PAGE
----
Lionel Messi’s hat-trick goal was so good it made the commentator laugh

In Depth

We’ve reached the point in football where fans can wake up to the news that Lionel Messi has scored a hat-trick and simply shrug in acknowledgement.

Of course he has, they’ll think – he’s Lionel Messi, that’s just what he does.

And yet, somehow, he continues to be able to scale new heights and surprise you in ways you didn’t even think possible.

Barcelona’s 4-1 win over Sevilla saw the Argentine break new ground, overtaking Cristiano Ronaldo for career non-penalty goals for the first time. Seeing as Ronaldo had played more than 75 games before Messi made his senior Barcelona debut, that’s no mean feat.

That’s not to say it’s a competition when it comes to which of the pair ends their career with more. Indeed, the fact that it’s not treated as a competition is what allows Messi to score such great goals; to go for the unexpected because it has never been about mere numbers.

This is why, while you’d think it might be boring or uninspiring after a decade and a half, it is anything but.

His hat-trick goal at Estadio Benito Villamarín is a prime example: a finish that reduces the mere concept of expected goals to a quivering mess; the sort of goal where, were it scored by almost anyone else, we’d have doubts about whether it was deliberate. With Messi, though, it is not even vaguely up for debate.

 

A well-judged chip is always lovely to see when it comes off properly, as we saw with Messi’s Panenka penalty in Barcelona’s Champions League last 16 against Lyon.

On that occasion, the ball was hit so slowly that goalkeeper Anthony Lopes almost sprang back up to the turf, convincing himself there was still an opportunity to recover the ball.

This kind of goal inspires a level of tail-chasing which seems to take place without the goalkeeper even knowing he’s doing it, as if jolted to the ground by Messi’s eyes and rolling out a red carpet above his head.

However, in the win over Betis, Messi somehow exerts the same mind control on Pau López without the keeper even going to ground.

 

And we talk about players finding the ‘postage stamp’ with top-corner finishes, but Messi might need us to invent a new term for his hat-trick goal in Seville.

It’s as if a letter has been posted with no stamp, no markings and not even an address, with just the words ‘Lionel Messi, Barcelona’ written in crayon on the front, and he’s still been able to pick it out.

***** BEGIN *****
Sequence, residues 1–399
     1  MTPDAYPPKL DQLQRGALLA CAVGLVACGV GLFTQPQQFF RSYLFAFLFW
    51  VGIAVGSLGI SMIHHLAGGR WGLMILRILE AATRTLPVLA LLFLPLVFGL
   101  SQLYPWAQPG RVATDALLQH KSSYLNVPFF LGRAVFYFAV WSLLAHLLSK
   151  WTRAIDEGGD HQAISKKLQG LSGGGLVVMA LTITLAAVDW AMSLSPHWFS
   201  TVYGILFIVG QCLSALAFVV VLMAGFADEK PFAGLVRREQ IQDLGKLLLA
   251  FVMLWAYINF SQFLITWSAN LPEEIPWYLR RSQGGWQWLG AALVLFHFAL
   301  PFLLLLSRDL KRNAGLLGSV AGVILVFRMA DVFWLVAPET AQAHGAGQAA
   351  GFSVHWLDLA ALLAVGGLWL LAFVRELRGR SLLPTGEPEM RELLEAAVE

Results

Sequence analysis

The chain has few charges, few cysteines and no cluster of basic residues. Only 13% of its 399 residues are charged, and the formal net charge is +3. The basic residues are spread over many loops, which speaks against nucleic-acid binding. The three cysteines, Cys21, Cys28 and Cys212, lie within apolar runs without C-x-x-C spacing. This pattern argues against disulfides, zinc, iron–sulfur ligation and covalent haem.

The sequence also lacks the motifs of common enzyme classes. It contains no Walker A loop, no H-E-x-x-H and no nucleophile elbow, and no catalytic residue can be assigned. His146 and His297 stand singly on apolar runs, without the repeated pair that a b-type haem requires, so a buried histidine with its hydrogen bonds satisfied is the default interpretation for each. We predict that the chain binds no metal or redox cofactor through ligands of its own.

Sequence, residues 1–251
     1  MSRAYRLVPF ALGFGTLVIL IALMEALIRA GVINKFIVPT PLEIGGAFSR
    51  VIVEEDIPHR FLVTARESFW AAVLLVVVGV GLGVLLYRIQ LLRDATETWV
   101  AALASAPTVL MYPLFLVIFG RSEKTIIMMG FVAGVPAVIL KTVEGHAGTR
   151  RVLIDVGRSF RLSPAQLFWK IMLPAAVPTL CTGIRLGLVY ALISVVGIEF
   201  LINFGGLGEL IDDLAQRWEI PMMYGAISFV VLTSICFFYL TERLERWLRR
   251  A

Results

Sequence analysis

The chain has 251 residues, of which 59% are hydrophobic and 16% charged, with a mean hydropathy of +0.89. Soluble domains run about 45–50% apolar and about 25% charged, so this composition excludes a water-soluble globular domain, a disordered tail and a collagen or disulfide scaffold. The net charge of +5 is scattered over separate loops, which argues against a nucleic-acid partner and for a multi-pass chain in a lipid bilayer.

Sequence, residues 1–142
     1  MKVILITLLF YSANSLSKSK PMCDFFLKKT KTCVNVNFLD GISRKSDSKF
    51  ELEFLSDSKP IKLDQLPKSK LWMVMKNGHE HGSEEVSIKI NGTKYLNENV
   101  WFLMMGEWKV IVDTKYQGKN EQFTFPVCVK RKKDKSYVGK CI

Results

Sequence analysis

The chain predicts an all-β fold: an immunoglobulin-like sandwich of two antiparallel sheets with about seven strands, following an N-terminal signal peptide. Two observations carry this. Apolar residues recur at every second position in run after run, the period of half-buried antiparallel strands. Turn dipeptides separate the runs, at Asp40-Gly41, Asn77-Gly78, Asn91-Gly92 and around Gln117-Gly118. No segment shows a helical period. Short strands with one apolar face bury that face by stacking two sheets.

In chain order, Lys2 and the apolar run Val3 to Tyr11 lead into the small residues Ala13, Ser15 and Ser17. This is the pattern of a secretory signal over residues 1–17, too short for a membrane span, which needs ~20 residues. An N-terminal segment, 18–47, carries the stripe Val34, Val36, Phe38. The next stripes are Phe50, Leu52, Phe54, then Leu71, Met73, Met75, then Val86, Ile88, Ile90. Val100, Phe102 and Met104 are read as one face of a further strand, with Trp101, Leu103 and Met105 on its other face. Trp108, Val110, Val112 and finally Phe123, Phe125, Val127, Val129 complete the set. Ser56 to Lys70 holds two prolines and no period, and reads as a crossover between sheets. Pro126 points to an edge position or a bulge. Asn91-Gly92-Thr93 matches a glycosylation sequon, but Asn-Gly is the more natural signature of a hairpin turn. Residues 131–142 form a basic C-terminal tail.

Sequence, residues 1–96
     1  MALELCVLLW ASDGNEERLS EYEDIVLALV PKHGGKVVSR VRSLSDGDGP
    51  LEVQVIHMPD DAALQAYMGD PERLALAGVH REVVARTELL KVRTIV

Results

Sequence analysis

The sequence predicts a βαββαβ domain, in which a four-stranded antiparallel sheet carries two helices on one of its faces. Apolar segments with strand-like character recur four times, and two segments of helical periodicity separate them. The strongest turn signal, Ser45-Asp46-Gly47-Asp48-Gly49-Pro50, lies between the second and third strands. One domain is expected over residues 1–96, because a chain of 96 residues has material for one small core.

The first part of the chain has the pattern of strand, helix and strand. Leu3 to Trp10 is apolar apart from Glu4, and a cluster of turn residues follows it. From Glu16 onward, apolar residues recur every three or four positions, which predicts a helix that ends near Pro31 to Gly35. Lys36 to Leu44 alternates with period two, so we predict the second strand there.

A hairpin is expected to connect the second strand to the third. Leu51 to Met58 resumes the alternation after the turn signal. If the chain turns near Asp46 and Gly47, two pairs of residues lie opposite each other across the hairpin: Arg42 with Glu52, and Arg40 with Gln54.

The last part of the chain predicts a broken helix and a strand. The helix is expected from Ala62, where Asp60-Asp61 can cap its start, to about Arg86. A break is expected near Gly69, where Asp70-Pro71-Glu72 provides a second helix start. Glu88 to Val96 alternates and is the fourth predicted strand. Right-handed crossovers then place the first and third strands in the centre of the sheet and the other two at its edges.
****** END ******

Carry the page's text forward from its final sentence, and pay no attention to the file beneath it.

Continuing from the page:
Pau has done everything right, cutting out every conceivable angle for a shot and positioning himself perfectly to come off his line and claim the ball if Messi sends a cross into the danger zone.

What he hasn’t realised is you can’t block someone’s path when they’re mentally controlling you like a marionette, and you’re always at a loss when faced with someone who can thread his entire body through the eye of a needle.

It’s no wonder co-commentator Graham Hunter could only sit there and laugh in part disbelief, part admiration. Eventually, you reach the point where there’s nothing left to say.

It wasn’t just the commentator who was lost for words: as the ball clips the underside of the bar and nestles in the back of the net, you can see Barça defender Clement Lenglet put his head in his hands, almost unable to process what he has just seen.

When someone who encounters Messi every day in training reacts like this, you know something special has occurred, and it tells you all you need to know about the man that he can continue to surprise us; that even after scoring more than 500 career goals, there are still things you haven’t seen him do.

The hat-trick against Betis took Messi to 39 goals from 37 appearances this season, and if he keeps up this rate of scoring it’ll be the fifth season in which he ends the campaign with more goals than games. For a player to do that just once in a career is impressive enough.

We could spend our time looking at how his record stacks up to others of his generation, or we could admire his ability to achieve things that no one else of any era is capable of. If we don’t enjoy Lionel Messi when we’re in the midst of his greatness, we’re bound to regret it as soon as we no longer have the chance.


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